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The brain drain, 'educated unemployment', human capital formation, and economic betterment

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  • C. Simon Fan
  • Oded Stark

Abstract

Extending both the 'harmful brain drain' literature and the 'beneficial brain gain' literature, this paper analyzes both the negative and the positive impact of migration by skilled individuals in a unified framework. The paper extends the received literature on the 'harmful brain drain' by showing that in the short run, international migration can result in 'educated unemployment' and overeducation in developing countries, as well as a brain drain from these countries. A simulation suggests that the costs of 'educated unemployment' and overeducation can amount to significant losses for the individuals concerned, who may constitute a substantial proportion of the educated individuals. Adopting a dynamic framework, it is then shown that due to the positive externality effect of the prevailing, economy-wide endowment of human capital on the formation of human capital, a relaxation in migration policy in both the current period and the preceding period can facilitate 'take-off' of a developing country in the current period. Thus, it is suggested that while the migration of some educated individuals may reduce the social welfare of those who stay behind in the short run, it improves it in the long run. Copyright (c) 2007 The Authors Journal compilation (c) 2007 The European Bank for Reconstruction and Development .

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Bibliographic Info

Article provided by The European Bank for Reconstruction and Development in its journal Economics of Transition.

Volume (Year): 15 (2007)
Issue (Month): (October)
Pages: 629-660

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Handle: RePEc:bla:etrans:v:15:y:2007:i::p:629-660

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References

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  1. Stark, Oded & Helmenstein, Christian & Prskawetz, Alexia, 1997. "A Brain Gain with a Brain Drain," Economics Series 45, Institute for Advanced Studies.
  2. Beine, Michel & Docquier, Frederic & Rapoport, Hillel, 2001. "Brain drain and economic growth: theory and evidence," Journal of Development Economics, Elsevier, vol. 64(1), pages 275-289, February.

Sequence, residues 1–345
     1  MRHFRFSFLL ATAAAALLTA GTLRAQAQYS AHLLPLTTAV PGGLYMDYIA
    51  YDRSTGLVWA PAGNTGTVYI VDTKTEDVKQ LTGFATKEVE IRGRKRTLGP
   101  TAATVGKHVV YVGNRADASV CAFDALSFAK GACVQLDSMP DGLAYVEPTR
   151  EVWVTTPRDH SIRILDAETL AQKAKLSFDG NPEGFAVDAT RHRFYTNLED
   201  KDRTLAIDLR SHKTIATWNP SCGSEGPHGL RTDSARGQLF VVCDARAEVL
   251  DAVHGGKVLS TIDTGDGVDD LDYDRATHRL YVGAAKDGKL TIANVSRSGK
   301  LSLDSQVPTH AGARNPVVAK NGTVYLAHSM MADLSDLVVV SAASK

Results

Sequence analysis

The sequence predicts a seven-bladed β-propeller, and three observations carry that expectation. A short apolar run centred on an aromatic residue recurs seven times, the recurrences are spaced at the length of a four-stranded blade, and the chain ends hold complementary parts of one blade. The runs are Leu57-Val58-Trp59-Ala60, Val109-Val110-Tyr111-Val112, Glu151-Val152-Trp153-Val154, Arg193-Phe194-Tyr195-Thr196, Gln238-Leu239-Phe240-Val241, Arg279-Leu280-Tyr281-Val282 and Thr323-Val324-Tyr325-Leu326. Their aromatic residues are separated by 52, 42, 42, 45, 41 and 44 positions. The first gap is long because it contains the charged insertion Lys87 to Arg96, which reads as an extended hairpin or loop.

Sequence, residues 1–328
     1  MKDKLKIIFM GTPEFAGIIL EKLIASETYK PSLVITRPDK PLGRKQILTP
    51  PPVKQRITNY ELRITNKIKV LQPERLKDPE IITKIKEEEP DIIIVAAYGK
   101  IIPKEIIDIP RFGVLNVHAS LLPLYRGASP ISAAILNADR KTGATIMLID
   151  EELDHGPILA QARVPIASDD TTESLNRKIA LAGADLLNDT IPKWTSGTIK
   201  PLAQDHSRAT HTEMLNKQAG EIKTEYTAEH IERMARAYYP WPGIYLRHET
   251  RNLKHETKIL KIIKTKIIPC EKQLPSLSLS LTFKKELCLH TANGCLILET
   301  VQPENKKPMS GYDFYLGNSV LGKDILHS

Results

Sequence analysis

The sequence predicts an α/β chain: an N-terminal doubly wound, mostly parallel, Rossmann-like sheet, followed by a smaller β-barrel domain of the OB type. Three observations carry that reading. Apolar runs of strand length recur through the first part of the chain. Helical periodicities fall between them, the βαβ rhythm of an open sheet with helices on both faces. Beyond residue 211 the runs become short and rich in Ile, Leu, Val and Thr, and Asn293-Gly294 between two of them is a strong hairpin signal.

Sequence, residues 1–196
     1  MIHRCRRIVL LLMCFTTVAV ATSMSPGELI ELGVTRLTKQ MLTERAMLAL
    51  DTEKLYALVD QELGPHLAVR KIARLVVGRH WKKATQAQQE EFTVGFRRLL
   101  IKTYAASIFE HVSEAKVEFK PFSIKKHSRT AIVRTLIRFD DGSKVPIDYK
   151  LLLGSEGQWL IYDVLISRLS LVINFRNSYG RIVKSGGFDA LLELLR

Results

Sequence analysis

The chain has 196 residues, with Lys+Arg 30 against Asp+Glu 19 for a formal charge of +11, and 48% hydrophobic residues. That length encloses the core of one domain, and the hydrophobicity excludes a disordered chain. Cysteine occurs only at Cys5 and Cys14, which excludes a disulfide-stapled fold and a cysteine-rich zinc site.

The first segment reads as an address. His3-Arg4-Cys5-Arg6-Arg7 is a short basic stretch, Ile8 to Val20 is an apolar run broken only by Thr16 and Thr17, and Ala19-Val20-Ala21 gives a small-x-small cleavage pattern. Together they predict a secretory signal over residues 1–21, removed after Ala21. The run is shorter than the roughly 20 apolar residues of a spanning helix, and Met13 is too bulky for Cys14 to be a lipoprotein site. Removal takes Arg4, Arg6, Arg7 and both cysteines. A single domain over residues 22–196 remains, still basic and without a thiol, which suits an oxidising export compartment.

3. Howard Davies, 2005. "Trade in the Chinese 21st Century," World Economics, World Economics, Economic & Financial Publishing, 1 Ivory Square, Plantation Wharf, London, United Kingdom, SW11 3UE, vol. 6(1), pages 1-13, January.
  4. Stark, Oded & Wang, Yong, 2002. "Inducing human capital formation: migration as a substitute for subsidies," Journal of Public Economics, Elsevier, vol. 86(1), pages 29-46, October.
  5. Stark, Oded & Fan, C. Simon, 2006. "International Migration and "Educated Unemployment"," Discussion Papers 7126, University of Bonn, Center for Development Research (ZEF).
  6. Azariadis, Costas & Drazen, Allan, 1990. "Threshold Externalities in Economic Development," The Quarterly Journal of Economics, MIT Press, vol. 105(2), pages 501-26, May.
  7. Acemoglu, D., 1997. "Why Do New Technologies Complement Skills? Directed Technical Change and Wage Inequality," Working papers 97-14, Massachusetts Institute of Technology (MIT), Department of Economics.
  8. Fan, C. Simon, 2004. "Quality, trade, and growth," Journal of Economic Behavior & Organization, Elsevier, vol. 55(2), pages 271-291, October.
  9. Lant Pritchett, 1997. "Divergence, Big Time," Journal of Economic Perspectives, American Economic Association, vol. 11(3), pages 3-17, Summer.
  10. Oded Stark & Christian Helmenstein & Alexia Prskawetz, 1998. "Human Capital Depletion, Human Capital Formation, and Migration: A Blessing in a "Curse"?," Departmental Working Papers _096, Chinese University of Hong Kong, Department of Economics.
  11. Kevin M. Murphy & Andrei Shleifer & Robert W. Vishny, 1988. "Industrialization and the Big Push," NBER Working Papers 2708, National Bureau of Economic Research, Inc.
  12. Stark, Oded, 2005. "The new economics of the brain drain," MPRA Paper 30939, University Library of Munich, Germany.
  13. Galor, Oded & Tsiddon, Daniel, 1996. "Income Distribution and Growth: The Kuznets Hypothesis Revisited," Economica, London School of Economics and Political Science, vol. 63(250), pages S103-17, Suppl..
  14. Eric A. Hanushek, 1996. "Measuring Investment in Education," Journal of Economic Perspectives, American Economic Association, vol. 10(4), pages 9-30, Fall.
  15. Sicherman, Nachum, 1991. ""Overeducation" in the Labor Market," Journal of Labor Economics, University of Chicago Press, vol. 9(2), pages 101-22, April.
  16. Stark, Oded, 2004. "Rethinking the Brain Drain," World Development, Elsevier, vol. 32(1), pages 15-22, January.
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Cited by:
  1. Byra, Lukasz, 2013. "Rethinking the brain drain: Dynamics and transition," International Review of Economics & Finance, Elsevier, vol. 28(C), pages 19-25.
  2. Katarzyna Budnik, 2011. "Emigration Triggers: International Migration of Polish Workers between 1994 and 2009," National Bank of Poland Working Papers 90, National Bank of Poland, Economic Institute.
  3. Stark, Oded & Casarico, Alessandra & Devillanova, Carlo & Uebelmesser, Silke, 2011. "On the formation of international migration policies when no country has an exclusive policy-setting say," Discussion Papers 117431, University of Bonn, Center for Development Research (ZEF).

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